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The Brief: July 1, 2011

Since most Texas counties have fireworks bans in effect this July 4 weekend, what better way to celebrate than recalling the legislative fireworks of recent weeks and imagining those still to come on the campaign trail?

A boy waves an American flag at an immigration rally held in Dallas on May Day.


Since most Texas counties have fireworks bans in effect this July 4 weekend, what better way to celebrate than recalling the legislative fireworks of recent weeks and imagining those still to come on the campaign trail?

With a full day of post-session recovery now behind us, it’s a good time to do a bit of looking back (As the Trib’s Thanh Tan reports today, some Tea Party voters, disappointed that some pet issues were left unresolved, will be doing so in anger.).

The Austin American-Statesman took the opportunity to break down the winners and losers of the grueling 170-day marathon of a session this morning. Perhaps not surprisingly, the first “winner” on the list is Gov. Rick Perry, who has been in California this week being urged to run for president. Reporter Mike Ward writes that Perry “walks away from the legislative session with a list of victories on most of the issues he identified as important.” Even less surprising is the Statesman’s first listed “loser:” Democrats, who “had almost no say on the budget that was the session's defining issue.”

It is, of course, impossible to recall the debates of the past months without wondering what they portend. The impact of some of the major decisions from the recent sessions, both regular and special, remains to be seen. School finance, for example, will be conducted in a fundamentally different manner (based on what lawmakers decide is available through appropriations, instead of what the law dictates is necessary to educate students), breaking with the way things have been done since 1949.

Critical issues are looming on the horizon. As Diane Smith of the Fort Worth Star-Telegram points out, “Texas lawmakers adjourned without fixing the state's prepaid college tuition program, which now faces a $600 million shortfall and could go broke as early as 2014 by some estimates.”

But for those who’ve had enough of school finance and other wonky topics, campaign season is just around the corner.

Major races are shaping up left and right. On the left, for example, state Rep. Joaquin Castro, D-San Antonio, and U.S. Rep. Lloyd Doggett, D-Austin, are already needling each other in the anticipated Congressional District 25 race. And on the right, in Congressional District 33, former Railroad Commissioner Michael Williams and former Texas Secretary of State Roger Williams  — both recent Republican U.S. Senate race dropouts, as the Trib’s Ross Ramsey notes today — are preparing to go head to head.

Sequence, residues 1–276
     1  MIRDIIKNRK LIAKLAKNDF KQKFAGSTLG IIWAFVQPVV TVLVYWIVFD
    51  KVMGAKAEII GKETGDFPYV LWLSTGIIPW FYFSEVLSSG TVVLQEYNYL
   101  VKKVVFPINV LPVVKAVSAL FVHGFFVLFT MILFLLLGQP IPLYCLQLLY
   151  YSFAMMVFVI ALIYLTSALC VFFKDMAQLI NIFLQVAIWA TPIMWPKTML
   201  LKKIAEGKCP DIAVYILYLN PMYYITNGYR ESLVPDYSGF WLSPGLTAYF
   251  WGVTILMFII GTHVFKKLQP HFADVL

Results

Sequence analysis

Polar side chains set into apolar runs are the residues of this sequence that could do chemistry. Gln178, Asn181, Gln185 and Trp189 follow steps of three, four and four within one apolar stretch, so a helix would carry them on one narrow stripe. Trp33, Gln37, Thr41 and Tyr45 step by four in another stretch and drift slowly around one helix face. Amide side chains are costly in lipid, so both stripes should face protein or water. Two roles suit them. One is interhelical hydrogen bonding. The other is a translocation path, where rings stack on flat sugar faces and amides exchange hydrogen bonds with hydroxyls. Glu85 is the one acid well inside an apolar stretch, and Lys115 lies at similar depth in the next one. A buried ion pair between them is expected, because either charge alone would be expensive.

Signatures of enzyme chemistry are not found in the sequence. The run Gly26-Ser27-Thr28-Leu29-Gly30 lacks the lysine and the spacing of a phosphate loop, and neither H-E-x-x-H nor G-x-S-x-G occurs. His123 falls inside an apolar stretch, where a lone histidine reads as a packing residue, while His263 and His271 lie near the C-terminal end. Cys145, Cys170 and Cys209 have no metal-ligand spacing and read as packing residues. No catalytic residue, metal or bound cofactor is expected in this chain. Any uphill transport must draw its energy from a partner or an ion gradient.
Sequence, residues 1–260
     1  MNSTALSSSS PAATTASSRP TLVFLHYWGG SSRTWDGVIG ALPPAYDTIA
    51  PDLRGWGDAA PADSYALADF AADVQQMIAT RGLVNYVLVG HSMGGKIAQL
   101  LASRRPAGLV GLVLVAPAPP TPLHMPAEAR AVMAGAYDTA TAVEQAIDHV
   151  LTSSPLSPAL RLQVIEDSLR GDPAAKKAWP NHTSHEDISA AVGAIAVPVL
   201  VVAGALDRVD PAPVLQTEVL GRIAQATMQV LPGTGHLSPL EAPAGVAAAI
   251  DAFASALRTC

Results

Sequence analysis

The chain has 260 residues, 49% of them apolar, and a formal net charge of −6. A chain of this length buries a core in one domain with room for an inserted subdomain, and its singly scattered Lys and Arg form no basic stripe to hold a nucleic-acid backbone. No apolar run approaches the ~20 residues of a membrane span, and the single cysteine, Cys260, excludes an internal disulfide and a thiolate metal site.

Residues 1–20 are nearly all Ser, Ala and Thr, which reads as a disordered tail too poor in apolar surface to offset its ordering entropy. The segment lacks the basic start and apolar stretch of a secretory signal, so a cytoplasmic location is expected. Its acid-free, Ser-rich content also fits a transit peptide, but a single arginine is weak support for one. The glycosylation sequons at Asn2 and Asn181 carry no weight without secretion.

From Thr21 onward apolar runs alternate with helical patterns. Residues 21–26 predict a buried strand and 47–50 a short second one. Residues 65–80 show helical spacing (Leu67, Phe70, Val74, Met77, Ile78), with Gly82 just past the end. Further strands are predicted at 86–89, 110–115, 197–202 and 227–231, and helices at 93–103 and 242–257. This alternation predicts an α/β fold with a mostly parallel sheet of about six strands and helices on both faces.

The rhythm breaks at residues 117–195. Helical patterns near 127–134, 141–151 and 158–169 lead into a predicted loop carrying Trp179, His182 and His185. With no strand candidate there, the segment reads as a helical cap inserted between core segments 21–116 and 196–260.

So, there’s plenty to ponder and prepare for this holiday weekend. We hope your Fourth of July is a happy one. And travelers that may be getting on a plane this weekend should remember: the anti-groping bill did not pass.


• This morning, Brazos County businesswoman Rebecca Boenigk will be jumping into the race to replace state Rep. Fred Brown, R-Bryan, who announced his retirement on Wednesday. One challenger she will definitely face is former NFL lineman Seth McKinney, son of former (as of today) Texas A&M University System Chancellor Mike McKinney, who has also declared his candidacy.

• How much is nearly two decades of a life worth? Anthony Graves, who was imprisoned that long for a crime he didn’t commit, received a check for $1.45 million from Texas Comptroller Susan Combs, on Thursday. Additionally, Graves will receive monthly annuity checks starting next year. "I am delighted we have been able to pay Anthony Graves the compensation he deserves," Combs said in a press release.

• In a conference call with reporters, Jay Kimbrough, the newly named interim chancellor of the Texas A&M University System, said the key to addressing ongoing concerns about higher education in Texas will be “communications.” He said, “There needs to be an open dialogue where everybody can talk and come up with ideas.” A former chief of staff to Gov. Rick Perry, Kimbrough also asserted that Perry was not micromanaging universities. "There is certainly no crisis at this university system or any university system in this state," he said.

Jim Doyle, a retired airline mechanic from Conroe, on why he filed a complaint against former state Rep. Norma Chavez, D-El Paso, over failing to properly report campaign contributions and expenditures, for which she paid a $1,000 fine this week: "I know that she was pretty liberal."


Perry backers seek space at GOP straw poll in Ames, Des Moines Register

Perry and Latinos Coexist Uneasily in Politics, The Texas Tribune

As Texas colleges take budget hit, students to pay price, The Dallas Morning News

Most of Texas at highest intensity level of drought, Fort Worth Star-Telegram

Texas fights EPA rule that targets pollution from its power plants, The Dallas Morning News

 LCRA leans on experience with new leader, Austin American-Statesman

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Public education State government 82nd Legislative Session Griffin Perry Rick Perry School finance Texas Legislature